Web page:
Delta IV launches WGS-9 to expand defense communications
CAPE CANAVERAL, Fla. — After a number of postponements, and a technical glitch at T-minus 4 minutes, United Launch Alliance’s (ULA) Delta IV Medium+ (5,4) rocket finally got off the ground with the Department of Defense’s ninth Wideband Global SATCOM satellite (WGS-9). The launch took place just after twilight at 8:18 p.m. EDT March 18 (00:18 GMT March 19), 2017, from Space Launch Complex 37.
The weather for the launch of the Delta IV Medium+ (5,4) configuration Evolved Expendable Launch Vehicle (EELV) was all but perfect. The only concerns Cape Canaveral Air Force Station’s 45th Weather Squadron had was the potential of cumulus clouds; however, those never materialized.
The Mobile Service Tower (MST), which is used to allow workers to work on the fully-stacked Delta IV, was rolled back at 11:39 a.m. EDT (15:39 GMT). With the hum of engines straining to move the structure back a full football field’s distance (roughly 160 feet or 49 meters) the orange and white rocket was exposed to the clear blue skies of the Sunshine State.
Video courtesy of SpaceFlight Insider
Brig. Gen. Wayne Monteith, 45th Space Wing commander and mission Launch Decision Authority, said that this was the fourth major launch operation on the Eastern Range and the second successful launch in just two-and-a-half days, culminating many long hours of hard work by the entire mission team.
“Thanks to the amazing commitment, focus on the mission, and teamwork the men and women of the 45th Space Wing share with our mission partners at SMC and ULA, we successfully launched the next satellite in the WGS constellation,” he said. “This mission demonstrates the Air Force’s commitment to deliver secure and reliable satellite communications around the globe to U.S. forces and our allies. It also once again showcases why the 45th Space Wing is the ‘World’s Premiere Gateway to Space.’”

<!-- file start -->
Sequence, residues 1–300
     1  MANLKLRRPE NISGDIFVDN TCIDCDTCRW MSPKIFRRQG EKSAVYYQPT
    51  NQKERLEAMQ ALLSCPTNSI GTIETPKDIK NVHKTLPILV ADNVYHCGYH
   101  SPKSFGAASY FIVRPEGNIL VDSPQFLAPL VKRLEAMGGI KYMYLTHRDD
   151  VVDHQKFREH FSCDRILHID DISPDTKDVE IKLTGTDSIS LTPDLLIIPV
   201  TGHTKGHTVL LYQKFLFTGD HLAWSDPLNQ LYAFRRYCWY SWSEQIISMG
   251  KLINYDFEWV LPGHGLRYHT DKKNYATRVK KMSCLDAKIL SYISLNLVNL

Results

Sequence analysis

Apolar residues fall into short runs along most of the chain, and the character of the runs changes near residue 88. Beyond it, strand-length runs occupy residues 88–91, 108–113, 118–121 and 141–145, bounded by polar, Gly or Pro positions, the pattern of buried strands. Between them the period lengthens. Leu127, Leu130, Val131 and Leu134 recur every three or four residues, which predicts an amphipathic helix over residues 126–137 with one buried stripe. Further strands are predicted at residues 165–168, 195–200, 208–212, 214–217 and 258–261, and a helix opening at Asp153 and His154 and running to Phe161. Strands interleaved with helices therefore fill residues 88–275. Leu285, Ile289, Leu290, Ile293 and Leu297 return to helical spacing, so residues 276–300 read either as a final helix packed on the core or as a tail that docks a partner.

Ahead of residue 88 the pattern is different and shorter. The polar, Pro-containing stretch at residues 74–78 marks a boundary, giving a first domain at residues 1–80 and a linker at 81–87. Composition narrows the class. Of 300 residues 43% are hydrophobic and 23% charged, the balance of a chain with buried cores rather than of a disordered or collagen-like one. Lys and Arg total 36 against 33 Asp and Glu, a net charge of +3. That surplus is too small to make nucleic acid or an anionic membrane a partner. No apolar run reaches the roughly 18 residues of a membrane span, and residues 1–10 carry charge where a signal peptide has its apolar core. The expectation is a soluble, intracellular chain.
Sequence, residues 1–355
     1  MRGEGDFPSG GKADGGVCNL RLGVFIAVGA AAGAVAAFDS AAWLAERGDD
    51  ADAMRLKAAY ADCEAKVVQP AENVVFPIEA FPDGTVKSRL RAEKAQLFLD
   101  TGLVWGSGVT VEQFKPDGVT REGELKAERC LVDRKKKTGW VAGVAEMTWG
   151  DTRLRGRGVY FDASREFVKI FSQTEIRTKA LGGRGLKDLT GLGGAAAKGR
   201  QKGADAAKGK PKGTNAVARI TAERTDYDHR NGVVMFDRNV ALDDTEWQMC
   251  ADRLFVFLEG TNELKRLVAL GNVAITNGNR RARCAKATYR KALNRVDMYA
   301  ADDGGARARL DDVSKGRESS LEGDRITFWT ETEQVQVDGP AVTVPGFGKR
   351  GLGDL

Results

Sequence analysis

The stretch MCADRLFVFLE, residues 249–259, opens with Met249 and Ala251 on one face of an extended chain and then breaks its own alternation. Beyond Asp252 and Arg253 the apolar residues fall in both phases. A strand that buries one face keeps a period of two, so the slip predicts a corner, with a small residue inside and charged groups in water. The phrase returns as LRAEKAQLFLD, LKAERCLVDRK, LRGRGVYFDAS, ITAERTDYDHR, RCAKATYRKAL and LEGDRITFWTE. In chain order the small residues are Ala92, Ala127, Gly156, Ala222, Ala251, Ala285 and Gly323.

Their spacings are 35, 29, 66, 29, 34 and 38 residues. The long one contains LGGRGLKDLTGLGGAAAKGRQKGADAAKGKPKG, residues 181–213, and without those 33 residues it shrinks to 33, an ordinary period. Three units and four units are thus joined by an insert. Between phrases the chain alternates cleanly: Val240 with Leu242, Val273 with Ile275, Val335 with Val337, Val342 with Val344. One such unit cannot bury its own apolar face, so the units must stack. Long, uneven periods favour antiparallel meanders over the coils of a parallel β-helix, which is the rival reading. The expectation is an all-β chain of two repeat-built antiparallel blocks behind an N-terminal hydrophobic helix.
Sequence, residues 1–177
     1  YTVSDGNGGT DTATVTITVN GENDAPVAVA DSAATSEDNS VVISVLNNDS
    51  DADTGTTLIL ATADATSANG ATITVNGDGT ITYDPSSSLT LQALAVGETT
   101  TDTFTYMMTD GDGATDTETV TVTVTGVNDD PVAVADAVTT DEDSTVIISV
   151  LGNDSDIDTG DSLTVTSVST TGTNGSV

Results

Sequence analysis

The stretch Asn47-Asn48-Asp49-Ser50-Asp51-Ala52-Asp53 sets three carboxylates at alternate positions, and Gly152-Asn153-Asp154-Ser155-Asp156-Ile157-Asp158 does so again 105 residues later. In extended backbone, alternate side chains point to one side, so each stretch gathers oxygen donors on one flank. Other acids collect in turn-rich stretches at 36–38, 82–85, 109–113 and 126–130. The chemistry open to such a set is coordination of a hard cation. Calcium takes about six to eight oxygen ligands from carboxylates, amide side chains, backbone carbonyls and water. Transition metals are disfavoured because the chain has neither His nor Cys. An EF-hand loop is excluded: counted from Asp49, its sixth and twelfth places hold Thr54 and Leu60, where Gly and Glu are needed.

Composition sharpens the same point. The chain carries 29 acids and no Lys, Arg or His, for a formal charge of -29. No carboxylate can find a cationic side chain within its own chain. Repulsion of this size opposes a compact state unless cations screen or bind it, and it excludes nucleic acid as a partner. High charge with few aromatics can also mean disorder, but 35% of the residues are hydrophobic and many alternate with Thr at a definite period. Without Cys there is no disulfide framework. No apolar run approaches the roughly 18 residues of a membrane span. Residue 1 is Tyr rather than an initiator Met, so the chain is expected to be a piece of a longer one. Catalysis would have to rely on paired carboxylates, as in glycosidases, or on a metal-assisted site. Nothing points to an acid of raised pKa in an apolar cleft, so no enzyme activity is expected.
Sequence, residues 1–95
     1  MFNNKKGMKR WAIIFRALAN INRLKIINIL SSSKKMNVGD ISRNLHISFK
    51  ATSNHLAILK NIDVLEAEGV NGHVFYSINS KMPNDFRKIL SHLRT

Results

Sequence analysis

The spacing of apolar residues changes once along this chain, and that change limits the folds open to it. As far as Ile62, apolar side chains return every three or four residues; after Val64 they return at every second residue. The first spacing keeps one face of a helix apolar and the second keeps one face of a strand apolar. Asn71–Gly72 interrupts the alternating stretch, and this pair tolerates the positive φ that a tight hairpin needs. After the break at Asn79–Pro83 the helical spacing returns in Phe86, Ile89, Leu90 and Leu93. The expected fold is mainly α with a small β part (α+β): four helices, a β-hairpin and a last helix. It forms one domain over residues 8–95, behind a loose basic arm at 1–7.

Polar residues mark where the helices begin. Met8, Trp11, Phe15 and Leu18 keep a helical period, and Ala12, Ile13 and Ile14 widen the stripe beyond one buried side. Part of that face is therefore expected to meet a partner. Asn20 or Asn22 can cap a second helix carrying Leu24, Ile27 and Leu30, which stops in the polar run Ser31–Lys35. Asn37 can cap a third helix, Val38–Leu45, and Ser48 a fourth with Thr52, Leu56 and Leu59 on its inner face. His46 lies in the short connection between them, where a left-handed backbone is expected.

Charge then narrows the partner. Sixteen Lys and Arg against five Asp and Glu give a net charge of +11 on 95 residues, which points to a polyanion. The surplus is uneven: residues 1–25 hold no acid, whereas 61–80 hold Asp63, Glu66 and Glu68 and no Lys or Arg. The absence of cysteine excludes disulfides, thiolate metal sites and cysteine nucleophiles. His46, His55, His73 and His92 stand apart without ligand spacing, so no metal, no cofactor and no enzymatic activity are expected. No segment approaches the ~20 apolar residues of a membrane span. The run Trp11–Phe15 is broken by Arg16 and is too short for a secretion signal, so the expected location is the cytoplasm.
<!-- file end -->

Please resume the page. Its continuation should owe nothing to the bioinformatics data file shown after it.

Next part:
The launch was postponed several times for various reasons including, on March 4, when the liftoff date for WGS-9 was changed to March 14 after the ULA team discovered an issue with the Delta IV first stage booster during standard prelaunch inspections. Later, on March 11, ULA announced that the launch would be no earlier than March 17, stating Eastern Range availability as the reason. This was further delayed by 24 hours due to launch schedule conflicts.
Lighting the way to orbit
At ignition, the free hydrogen drifting around the RS-68A Common Booster Core (CBC) engine blossomed into an impressive but harmless cloud of flame. Then, when the countdown clock reached zero, the four solid rocket motors (SRMs) ignited and began to rise off the pad, lighting up the Florida sky.
While the Department of Defense and ULA are not advertising the mass nor orbit of the WGS constellation, it is known that the ten spacecraft approach geosynchronous orbit and that the Delta IV Medium+ (5,4) can lift up to 15,074 pounds (7,020 kilograms).
The SRMs burned out and were jettisoned in pairs: one set a minute and 40 seconds into flight, the second set two seconds later. Up above the bulk of the atmosphere, Delta IV’s payload fairing jettisoned at T+3 minutes, 14 seconds.
The first stage depleted its propellants at just past T+4 minutes, with the Delta Cryogenic Second Stage (DCSS) igniting 13 seconds later and firing for a bit over 15-and-a-half minutes. The DCSS performed a second three-minute burn to send WGS-9 on its way to its final orbit before burning a third time to go into a deorbit burn.